Troubleshooting Stop Errorsby Mitch Tulloch, author of Windows Server Hacks
The first time I saw a "Blue Screen of Death" (a colloquial name for a Windows Stop error) I was working with Windows NT 3.51 in a classroom. I was fascinated, but then quickly became frustrated because of the lack of information that my TechNet CD had in those days to help me understand what I saw.
Things have changed. Now you can find tons of information on TechNet about Stop errors, and you can search the Microsoft Knowledge Base online or just Google an answer for yourself. And while Stop errors themselves can still be hard to troubleshoot despite this wealth of information, they've fortunately become more rare as Windows platforms continue to improve. In this short article, I'll give you five tips on how to resolve these error messages and the tools you can use to troubleshoot them.
Stop screens generally contain a lot of information, most of it confusing. What's really important, however, are:
The rest you can usually ignore unless you are a Microsoft support technician versed in the arcane lore of interpreting Stop screens. I usually start with the name or number and look up the error in one of the many resources available, which I'll discuss in a moment. But first make sure you write down this information, so that you can look it up later.
Before I start running to Google to look for information about the error, I first try to pause and think, "What have I done recently that could have caused this problem?" Since most Stop screens are caused by flaky drivers or hardware problems, I ask myself questions like these:
If you ask yourself questions like these, you may think of something that may have caused the Stop error to occur, and armed with that fact and the information you've copied down, you're ready to proceed with troubleshooting the error.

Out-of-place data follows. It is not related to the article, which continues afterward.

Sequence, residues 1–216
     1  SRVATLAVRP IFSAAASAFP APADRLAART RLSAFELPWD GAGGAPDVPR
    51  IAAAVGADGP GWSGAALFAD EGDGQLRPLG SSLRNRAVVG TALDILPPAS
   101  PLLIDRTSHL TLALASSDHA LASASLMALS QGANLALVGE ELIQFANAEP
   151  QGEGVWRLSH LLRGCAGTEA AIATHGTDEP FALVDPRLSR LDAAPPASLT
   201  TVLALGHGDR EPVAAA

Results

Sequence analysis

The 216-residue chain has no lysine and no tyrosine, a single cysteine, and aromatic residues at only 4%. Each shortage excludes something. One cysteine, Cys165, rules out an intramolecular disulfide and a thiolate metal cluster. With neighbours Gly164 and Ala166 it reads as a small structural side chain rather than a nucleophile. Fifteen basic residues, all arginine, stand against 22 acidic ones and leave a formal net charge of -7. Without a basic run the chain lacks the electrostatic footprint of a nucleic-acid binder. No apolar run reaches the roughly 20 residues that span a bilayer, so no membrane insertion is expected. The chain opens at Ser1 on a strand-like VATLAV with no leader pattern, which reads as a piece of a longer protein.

Next, I usually simply try rebooting the machine if it isn't already configured to reboot itself when a Stop error occurs. To configure auto-reboot after a Stop error, select Control Panel -> System -> Advanced -> Startup and Recovery -> Settings. This opens the Startup and Recovery screen (Figure 1), where you can configure boot options and what you want to happen when a system failure occurs.
Figure 1. Startup and Recovery screen in Windows XP.
In Windows XP, when the operating system encounters an exception it can't handle, the following actions occur:
Windows Server 2003 is configured a little differently, and by default performs a complete memory dump, which dumps everything in RAM into the file
%SystemRoot%\MEMORY.DMP, so that a support technician can analyze it, if needed. What actually happens is that when the system fails, the kernel writes the contents of RAM to the paging file (Pagefile.sys). Then, when the system reboots, Windows extracts information from Pagefile.sys to create MEMORY.DMP. If your paging file is smaller in size than physical memory however, no MEMORY.DMP file will be created. And if you have a lot of RAM, the memory dump can take a long time to occur. Of course, you need enough free disk space if the dump file is to be saved. For these reasons, I usually prefer configuring servers to perform minidumps by default and only change these to kernel memory dumps or complete dumps if the failure keeps on recurring. (Windows Server 2003 always performs minidumps anyway, regardless of the configuration).